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They started back to Australia to begin the process of removing the dead from the ship [Annotator’s Note: from the USS Boise in 1942]. They were sent back through the Panama Canal and eventually ended up in Philadelphia for a three month period of time. Starnes got a month off and during that month he was married. After the repairs were done Starnes and his crew were sent to North Africa where they had just secured Algiers.The Boise provided fire support for the landings in Sicily and Salerno. They were introduced to the German "Buzz Bomb" in Italy. They were usually aimed at the landing troops but the Boise would zigzag in the water when they heard the bombs coming in. After Italy, they went back to the States and were eventually sent back to the Pacific.Starnes got orders to leave the Boise and report to San Francisco to wait for orders. Starnes came back on a Dutch freighter. Starnes likened his trip on the Dutch freighter to being on a cruise. They had cold beer to drink and could play cards at will. The captain of the ship was named Captain Rommel. It turned out that this man was the brother of the very same Rommel who was the infamous German commander in Europe.After getting home Starnes was assigned to Newport, Rhode Island to the Naval Training station. The purpose of the station was to train a crew that would be able to be immediately put onto the new ships.In November 1944 Starnes got new orders. He was to report to the USS Missouri [Annotator’s Note: USS Missouri (BB-63)]. The Missouri was in New York at the time. Starnes was the navigator on the Missouri. Starnes was a lieutenant doing navigating duties; normally it was assigned to a person of higher rank. After reporting to the Missouri, she was sent through the Panama Canal and ended up at Pearl Harbor. They arrived at Pearl Harbor on Christmas.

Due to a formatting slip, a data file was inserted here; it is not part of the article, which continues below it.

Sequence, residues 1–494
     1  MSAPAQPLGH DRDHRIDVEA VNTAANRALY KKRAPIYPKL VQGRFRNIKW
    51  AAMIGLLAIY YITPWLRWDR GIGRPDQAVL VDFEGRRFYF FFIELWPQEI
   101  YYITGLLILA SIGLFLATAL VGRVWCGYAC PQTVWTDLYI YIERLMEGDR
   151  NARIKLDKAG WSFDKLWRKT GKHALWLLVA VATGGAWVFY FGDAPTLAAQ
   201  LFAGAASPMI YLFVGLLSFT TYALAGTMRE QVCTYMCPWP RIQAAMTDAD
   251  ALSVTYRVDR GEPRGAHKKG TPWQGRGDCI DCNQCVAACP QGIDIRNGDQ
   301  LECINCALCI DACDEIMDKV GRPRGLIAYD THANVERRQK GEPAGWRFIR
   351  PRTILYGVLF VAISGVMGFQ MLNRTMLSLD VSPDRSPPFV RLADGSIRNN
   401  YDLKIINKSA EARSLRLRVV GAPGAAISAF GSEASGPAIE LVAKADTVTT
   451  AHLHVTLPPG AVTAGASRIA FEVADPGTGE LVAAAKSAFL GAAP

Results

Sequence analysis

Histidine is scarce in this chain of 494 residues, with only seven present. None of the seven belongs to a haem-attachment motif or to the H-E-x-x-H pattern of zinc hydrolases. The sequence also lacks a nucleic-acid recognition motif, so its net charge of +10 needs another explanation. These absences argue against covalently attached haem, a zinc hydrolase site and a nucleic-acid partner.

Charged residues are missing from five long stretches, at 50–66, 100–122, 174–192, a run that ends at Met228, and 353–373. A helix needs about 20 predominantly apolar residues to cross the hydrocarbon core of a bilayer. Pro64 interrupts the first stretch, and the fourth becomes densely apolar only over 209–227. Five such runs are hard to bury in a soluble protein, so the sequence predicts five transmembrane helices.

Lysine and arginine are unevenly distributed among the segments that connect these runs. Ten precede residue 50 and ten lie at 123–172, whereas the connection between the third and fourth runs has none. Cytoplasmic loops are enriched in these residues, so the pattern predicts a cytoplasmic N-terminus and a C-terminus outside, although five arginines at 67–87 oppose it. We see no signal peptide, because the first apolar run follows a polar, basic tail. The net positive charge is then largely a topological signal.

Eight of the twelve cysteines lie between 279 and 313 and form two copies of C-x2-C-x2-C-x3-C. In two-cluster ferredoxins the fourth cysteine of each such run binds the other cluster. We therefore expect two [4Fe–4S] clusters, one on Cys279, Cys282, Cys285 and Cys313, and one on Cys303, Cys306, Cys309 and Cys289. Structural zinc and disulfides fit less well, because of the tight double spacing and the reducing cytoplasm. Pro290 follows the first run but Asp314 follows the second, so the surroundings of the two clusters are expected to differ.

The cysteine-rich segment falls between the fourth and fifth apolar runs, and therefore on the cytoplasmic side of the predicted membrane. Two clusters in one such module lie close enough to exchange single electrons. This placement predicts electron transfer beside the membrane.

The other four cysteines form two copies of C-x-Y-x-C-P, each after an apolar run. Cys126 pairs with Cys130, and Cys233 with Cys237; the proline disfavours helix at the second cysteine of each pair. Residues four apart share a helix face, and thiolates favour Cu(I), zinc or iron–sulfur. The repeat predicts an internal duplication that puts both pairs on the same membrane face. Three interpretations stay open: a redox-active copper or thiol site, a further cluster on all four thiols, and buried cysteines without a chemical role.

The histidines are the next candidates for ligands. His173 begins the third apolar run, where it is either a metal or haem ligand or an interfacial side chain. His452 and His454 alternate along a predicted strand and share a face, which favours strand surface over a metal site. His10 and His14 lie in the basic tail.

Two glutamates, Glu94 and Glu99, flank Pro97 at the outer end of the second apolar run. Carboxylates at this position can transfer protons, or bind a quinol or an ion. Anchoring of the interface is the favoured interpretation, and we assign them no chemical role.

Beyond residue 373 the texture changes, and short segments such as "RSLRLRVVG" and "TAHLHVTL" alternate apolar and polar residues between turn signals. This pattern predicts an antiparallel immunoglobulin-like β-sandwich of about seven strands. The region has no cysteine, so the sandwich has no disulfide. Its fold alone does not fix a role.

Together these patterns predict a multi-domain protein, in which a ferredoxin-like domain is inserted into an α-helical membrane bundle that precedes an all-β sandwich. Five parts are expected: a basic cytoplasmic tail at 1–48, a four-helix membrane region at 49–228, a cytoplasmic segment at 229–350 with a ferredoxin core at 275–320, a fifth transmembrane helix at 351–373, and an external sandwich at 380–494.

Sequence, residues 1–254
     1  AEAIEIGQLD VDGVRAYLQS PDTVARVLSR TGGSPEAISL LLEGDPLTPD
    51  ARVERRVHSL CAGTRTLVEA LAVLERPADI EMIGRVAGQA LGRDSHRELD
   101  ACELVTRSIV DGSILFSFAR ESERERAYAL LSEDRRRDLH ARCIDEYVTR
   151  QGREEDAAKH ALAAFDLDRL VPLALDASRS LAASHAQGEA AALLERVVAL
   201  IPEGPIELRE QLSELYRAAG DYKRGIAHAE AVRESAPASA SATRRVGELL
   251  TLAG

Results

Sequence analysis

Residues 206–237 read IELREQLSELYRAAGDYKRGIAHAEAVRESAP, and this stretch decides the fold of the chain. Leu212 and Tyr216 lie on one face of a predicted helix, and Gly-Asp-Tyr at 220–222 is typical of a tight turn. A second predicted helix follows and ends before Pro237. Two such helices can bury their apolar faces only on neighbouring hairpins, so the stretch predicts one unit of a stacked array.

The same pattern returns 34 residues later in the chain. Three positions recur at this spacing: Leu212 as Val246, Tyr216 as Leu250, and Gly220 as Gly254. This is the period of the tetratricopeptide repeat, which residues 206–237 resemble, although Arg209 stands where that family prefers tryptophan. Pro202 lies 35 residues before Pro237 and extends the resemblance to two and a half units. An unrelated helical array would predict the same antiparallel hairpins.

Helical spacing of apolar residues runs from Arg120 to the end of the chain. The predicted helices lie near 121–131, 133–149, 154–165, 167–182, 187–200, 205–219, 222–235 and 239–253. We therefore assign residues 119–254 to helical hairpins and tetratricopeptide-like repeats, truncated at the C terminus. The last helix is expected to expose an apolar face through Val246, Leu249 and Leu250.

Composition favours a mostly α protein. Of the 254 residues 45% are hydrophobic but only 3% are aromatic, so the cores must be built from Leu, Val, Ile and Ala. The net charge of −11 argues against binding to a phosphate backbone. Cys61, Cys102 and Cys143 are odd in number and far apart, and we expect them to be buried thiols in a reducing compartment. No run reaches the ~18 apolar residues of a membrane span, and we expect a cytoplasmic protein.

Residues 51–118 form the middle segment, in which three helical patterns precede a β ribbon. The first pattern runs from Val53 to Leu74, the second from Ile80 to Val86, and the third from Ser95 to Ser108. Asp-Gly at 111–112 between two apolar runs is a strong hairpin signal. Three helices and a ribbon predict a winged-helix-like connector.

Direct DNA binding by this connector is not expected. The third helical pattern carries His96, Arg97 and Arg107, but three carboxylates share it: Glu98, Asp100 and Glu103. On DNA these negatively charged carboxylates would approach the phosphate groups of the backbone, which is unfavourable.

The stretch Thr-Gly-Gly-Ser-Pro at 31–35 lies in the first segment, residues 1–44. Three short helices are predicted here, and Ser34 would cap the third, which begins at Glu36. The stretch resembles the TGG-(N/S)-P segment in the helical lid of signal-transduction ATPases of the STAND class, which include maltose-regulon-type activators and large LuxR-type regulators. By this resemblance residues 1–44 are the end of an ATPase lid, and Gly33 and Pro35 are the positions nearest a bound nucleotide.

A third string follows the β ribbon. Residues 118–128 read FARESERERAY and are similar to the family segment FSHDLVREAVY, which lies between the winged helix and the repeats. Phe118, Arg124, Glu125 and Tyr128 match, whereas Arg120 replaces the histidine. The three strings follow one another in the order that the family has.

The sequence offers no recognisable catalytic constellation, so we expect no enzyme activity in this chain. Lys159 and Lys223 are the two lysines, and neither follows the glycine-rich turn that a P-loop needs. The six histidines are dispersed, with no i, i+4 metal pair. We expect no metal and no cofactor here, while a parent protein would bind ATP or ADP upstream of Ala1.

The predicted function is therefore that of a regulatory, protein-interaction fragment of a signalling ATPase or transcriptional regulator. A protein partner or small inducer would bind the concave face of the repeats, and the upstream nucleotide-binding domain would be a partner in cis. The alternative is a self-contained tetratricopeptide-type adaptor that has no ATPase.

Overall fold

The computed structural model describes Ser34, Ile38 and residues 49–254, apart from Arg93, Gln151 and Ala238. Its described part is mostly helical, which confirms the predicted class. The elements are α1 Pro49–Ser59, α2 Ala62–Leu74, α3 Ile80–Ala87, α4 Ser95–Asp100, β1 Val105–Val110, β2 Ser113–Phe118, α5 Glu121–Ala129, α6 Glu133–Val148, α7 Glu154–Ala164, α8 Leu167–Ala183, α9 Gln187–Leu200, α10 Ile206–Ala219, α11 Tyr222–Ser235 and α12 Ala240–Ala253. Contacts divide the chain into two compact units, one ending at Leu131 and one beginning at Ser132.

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From Pearl Harbor they were sent to the Pacific [Annotator’s Note: the crew of the USS Missouri in January 1945] and were ordered to prepare for the invasion of Japan. They had two objectives they had to secure before they could invade Japan. The Missouri was sent to Iwo Jima for the 19th of February. They provided fire support for the Marines.After Iwo was secured they moved on to Okinawa. During the Okinawa campaign the Japanese resorted to kamikazes. In April of 1945 they began to launch numerous amounts of kamikazes. One day in April a kamikaze took aim at the bridge of the Missouri. Fortunately one of the gun crews on the starboard side hit the incoming kamikaze and as a result it caused minor damage as it hit with a glancing blow. The next day the crew of the Missouri gave the Japanese pilot a military burial at sea.On August 6th the Missouri received the news that the atomic bomb had been dropped on Hiroshima. Three days later they heard that a second bomb had been dropped on Nagasaki. Admiral Halsey [Annotator’s Note: Fleet Admiral William Halsey, Jr.] was on the Missouri when the second bomb was dropped. He said to only respond with force to Japanese action if it was threatening the ship. A few days later they found out that they would be the site of the Japanese surrender.Everyone on the ship was excited that the Missouri was chosen to be the site of the surrender. All of the sailors polished their sabers and made sure their white uniforms were immaculate. The went into Tokyo Bay but before they did, they took on a Japanese riverboat pilot who had knowledge of where the mines were. They navigated the minefield and ended up in Tokyo Bay. Starnes was selected to be Officer of the Deck which was always reserved for the navigation officer.The Japanese pulled up next to the Missouri and her two escort destroyers. A barge was sent over to the Japanese ships to pick up the Japanese officers. They were brought back to the deck of the Missouri. Starnes picked out eight men, four on each side of him to flank him for the ceremony. He picked men who were all six feet or taller to project a sense of dominance.The Japanese contingent was sent to meet Nimitz [Annotator’s Note: Fleet Admiral Chester William Nimitz] and MacArthur [Annotator’s Note: General Douglas MacArthur] and they signed the papers they needed to sign; Nimitz and MacArthur signed the documents they needed to sign, and the war was over. Starnes recalls the ceremony as being very short.